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Saints’ game plan targeted Carson Wentz and Sidney Jones as Eagles’ weak points


Philadelphia Eagles v New Orleans Saints Photo by Jonathan Bachman/Getty Images

Peter King’s weekly “Football Morning In America” column features the New Orleans Saints’ 48-7 blowout win over the Philadelphia Eagles this week. It’s a pretty interesting read since the Saints gave King some behind-the-scenes access into their game plan.

One item of note from Philadelphia’s perspective is that the Saints highlighted two Eagles players as weak points: Carson Wentz and Sidney Jones.

We’ll start with No. 11.

And then, a bit of a surprise. “We want to put the game on [Eagles quarterback Carson] Wentz,” Payton said. Payton likes Wentz as a player, but his player-personnel analyst, Ryan Herman, gives him trends and numbers every week, and Payton tells the group two interesting ones about Wentz, from Herman: The Eagles are 1-11 when Wentz plays and they allow more than 26 points. And he’s 0-9 when he passes for between 308 and 364 yards, the point being if he does that, the Eagles likely won’t be running the ball well, and the Saints feel they can beat a one-dimensional offense.

The Saints were hoping to accomplish what the Eagles so often did to other teams last year; stop the run and make their opponent one-dimensional. New Orleans did not seriously fear Wentz being able to put the Eagles on his back in a shootout. As they expected, Wentz was unable to live up to the challenge.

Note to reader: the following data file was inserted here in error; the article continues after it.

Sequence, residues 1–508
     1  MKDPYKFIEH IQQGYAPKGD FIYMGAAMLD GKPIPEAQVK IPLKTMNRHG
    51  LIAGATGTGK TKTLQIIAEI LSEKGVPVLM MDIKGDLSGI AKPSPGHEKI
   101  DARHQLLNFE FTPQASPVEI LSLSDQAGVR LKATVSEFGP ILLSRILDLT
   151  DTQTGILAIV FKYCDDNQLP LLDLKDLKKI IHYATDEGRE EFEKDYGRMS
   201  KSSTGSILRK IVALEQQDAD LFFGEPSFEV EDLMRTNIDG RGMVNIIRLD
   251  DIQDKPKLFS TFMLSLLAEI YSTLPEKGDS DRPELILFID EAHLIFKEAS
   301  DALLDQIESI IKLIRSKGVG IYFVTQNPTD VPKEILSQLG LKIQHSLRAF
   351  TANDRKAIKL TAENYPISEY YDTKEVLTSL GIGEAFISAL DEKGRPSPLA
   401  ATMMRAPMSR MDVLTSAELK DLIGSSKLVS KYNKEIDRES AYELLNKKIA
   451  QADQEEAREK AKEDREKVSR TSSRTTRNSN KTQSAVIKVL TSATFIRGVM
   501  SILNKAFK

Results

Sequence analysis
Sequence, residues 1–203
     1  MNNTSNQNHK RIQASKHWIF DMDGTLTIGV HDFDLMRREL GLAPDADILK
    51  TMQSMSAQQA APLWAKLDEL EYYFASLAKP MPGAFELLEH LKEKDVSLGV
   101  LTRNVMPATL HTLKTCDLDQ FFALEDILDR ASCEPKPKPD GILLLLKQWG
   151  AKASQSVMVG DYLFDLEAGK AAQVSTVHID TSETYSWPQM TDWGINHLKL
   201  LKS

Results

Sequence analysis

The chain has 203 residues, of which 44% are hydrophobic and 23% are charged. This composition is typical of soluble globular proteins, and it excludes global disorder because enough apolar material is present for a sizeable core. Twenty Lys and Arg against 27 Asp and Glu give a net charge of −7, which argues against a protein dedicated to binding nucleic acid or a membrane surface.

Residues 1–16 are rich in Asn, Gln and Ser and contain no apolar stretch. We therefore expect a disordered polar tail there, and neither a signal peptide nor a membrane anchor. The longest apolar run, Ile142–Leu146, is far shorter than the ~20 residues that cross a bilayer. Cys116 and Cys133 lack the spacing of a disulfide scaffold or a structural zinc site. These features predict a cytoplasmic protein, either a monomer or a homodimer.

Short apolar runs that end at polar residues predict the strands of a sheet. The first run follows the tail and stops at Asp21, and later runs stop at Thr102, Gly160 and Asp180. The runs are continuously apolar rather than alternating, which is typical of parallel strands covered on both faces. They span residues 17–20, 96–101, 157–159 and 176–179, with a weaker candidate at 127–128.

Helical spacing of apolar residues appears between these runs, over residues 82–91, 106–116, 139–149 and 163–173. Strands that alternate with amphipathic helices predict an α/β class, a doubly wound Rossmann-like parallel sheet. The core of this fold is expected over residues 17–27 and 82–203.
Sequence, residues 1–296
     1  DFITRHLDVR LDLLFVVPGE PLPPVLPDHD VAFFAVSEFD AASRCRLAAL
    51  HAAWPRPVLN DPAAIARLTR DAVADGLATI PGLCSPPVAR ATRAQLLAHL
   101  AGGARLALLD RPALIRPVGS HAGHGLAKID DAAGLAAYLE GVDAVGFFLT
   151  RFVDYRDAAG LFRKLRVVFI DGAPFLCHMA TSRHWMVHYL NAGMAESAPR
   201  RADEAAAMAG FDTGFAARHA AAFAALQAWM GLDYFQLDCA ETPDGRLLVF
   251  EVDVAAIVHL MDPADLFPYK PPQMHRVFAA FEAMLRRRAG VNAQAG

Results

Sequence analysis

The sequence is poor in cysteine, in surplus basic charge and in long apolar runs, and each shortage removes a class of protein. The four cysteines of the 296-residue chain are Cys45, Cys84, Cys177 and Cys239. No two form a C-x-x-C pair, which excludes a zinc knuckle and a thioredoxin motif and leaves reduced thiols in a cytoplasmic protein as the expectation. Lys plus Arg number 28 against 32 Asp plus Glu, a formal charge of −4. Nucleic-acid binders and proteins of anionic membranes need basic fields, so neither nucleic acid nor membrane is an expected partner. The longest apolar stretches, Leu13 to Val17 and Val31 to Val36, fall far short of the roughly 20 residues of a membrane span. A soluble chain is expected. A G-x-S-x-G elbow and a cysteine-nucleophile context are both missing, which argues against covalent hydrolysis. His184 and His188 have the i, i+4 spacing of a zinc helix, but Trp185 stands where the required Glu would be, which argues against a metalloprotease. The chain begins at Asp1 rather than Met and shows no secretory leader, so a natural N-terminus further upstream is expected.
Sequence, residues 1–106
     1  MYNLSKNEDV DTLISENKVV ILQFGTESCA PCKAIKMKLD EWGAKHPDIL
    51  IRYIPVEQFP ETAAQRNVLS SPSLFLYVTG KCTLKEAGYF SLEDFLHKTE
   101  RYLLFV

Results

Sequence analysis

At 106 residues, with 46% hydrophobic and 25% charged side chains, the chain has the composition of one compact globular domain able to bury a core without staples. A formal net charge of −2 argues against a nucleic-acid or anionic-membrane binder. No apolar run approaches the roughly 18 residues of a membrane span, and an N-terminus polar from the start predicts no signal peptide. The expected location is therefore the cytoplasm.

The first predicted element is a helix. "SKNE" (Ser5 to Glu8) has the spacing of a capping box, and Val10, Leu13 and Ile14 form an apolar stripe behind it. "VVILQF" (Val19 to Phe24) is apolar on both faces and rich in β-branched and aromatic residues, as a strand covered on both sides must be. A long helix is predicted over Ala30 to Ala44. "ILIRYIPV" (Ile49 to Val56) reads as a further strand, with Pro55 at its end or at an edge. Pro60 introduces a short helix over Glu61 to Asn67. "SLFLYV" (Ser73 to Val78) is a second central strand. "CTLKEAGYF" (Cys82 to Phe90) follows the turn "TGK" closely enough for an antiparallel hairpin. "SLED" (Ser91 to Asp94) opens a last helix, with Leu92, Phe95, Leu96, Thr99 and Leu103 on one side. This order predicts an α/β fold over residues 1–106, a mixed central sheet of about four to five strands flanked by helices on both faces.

Moving forward, it’d be nice to see Wentz improve in situations where the defense isn’t having a stellar day and/or he’s not getting a lot of help from the run game. Not an easy ask, but elite quarterbacks need to be able to overcome adversity at times. Wentz is obviously very talented so there’s certainly hope for him to improve.

As for Jones ...

The 11 offensive guys got set, and at the last minute, Hill motioned left to a shotgun position and called out the signals. Center Max Unger snapped it to him, and Hill powered right in a slow jog behind a slew of blockers. The play would be a power run, and it would fit into exactly what Payton told his players in this meeting: “Our emphasis in this game is to run at 22 [cornerback Sidney Jones]. He’s coming off a hamstring, and we don’t think he can hold up.” [...] The all-coaches meeting has a discussion of injuries and who will be active and inactive, and a message from Payton. Two things tonight: “We gotta run right at 22 [Jones] and we gotta throw at 22. We’re gonna make him defend the run on the first play. We’re going after him on three of the first eight plays.”

Jones had a really bad missed tackle on the Saints’ first offensive play of the game, which was a 38-yard run by Mark Ingram. Jones then struggled in cover — though that’s not unusual for players covering Michael Thomas — before ultimately having to leave the game early with another hamstring injury.

The Eagles’ hope for Wentz and Jones is that they’ll be two of the team’s best players for years to come. On Sunday, however, the enemy perceived them as weak points and took advantage.

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